He referenced his own experiences with and observations of stubborn village theories – breezes cause illness, women should not sit on cold stones, it is unhealthy to imbibe cold liquids in hot weather – that, even in the face of logic and cosmopolitanism, refuse to be squashed. He believes that this unwillingness to think critically about certain premises contributed to the start of the Yugoslav wars of the 1990s.

“I’ve really tried to wrap my head around how you could go murdering an entire village next door, and I largely hold superstition to blame,” he said. “If you believe that fresh air will get you sick, how easy is it to convince you that your neighbor is out to get you?”

And Marshall says he’s seen much of that dangerous, irrational hatred remain in culture today. He recalled coaching kid soccer teams where Serb parents and coaches would refuse to let their children play with Bosniaks, or vice versa, despite living in the same neighborhoods.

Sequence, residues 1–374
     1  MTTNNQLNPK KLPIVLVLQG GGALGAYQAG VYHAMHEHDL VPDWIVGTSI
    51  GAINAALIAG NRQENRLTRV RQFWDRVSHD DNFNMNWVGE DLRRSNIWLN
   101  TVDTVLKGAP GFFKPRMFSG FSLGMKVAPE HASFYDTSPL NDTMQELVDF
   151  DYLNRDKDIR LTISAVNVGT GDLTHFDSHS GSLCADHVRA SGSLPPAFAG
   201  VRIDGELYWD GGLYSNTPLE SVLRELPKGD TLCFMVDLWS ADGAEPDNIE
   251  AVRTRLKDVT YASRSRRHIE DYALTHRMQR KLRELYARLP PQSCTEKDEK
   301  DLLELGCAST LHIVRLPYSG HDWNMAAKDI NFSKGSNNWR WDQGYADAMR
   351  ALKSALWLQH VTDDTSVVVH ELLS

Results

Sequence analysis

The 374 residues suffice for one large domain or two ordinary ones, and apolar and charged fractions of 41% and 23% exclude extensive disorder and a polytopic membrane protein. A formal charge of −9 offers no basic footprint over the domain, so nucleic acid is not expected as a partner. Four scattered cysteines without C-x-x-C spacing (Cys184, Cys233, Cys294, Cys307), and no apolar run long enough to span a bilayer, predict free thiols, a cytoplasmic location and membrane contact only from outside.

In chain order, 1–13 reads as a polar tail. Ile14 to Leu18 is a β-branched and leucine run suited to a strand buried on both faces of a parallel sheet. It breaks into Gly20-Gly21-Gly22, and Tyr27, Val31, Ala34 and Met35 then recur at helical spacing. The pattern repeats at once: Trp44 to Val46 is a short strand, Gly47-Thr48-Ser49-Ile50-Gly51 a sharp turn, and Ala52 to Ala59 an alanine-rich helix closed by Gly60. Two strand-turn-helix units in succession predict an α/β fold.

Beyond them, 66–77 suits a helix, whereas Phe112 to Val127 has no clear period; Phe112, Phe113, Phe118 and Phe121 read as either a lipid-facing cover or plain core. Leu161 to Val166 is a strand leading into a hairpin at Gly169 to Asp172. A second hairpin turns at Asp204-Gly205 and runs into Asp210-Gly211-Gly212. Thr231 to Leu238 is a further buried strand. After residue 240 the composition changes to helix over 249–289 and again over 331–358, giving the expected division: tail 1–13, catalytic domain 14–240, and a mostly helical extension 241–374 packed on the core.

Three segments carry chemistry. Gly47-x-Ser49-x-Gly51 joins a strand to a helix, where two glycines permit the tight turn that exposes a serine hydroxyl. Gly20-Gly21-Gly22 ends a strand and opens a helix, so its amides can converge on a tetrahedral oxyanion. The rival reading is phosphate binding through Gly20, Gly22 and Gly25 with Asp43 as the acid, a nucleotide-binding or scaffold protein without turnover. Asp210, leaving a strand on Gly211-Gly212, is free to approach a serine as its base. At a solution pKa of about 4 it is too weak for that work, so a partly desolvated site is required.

He also noted that traditional Serbian folk songs, most notably the old epic folk songs – whose literary merits were recognized by Johann Wolfgang von Goethe and Joseph Grimm, who likened them to Homer and the Bible – are rife with themes of victimhood, persecution and martyrdom. These attitudes, he said, are observable causes of Serbian aggression of the 1990s.

Many of the songs go back to the 1300s, perhaps most notably the 1389 Battle of Kosovo between the Serbs and the Ottomans, in which the Serbs were annihilated. The pervasive influence of this battle remains visible today. Graffiti lines most streets in Belgrade, and “1389” is one of the most repeatable tags. In a walk through the heart of Belgrade, a pedestrian will cross hardly a single street corner that does not commemorate the ancient near-wipeout of the Serbs.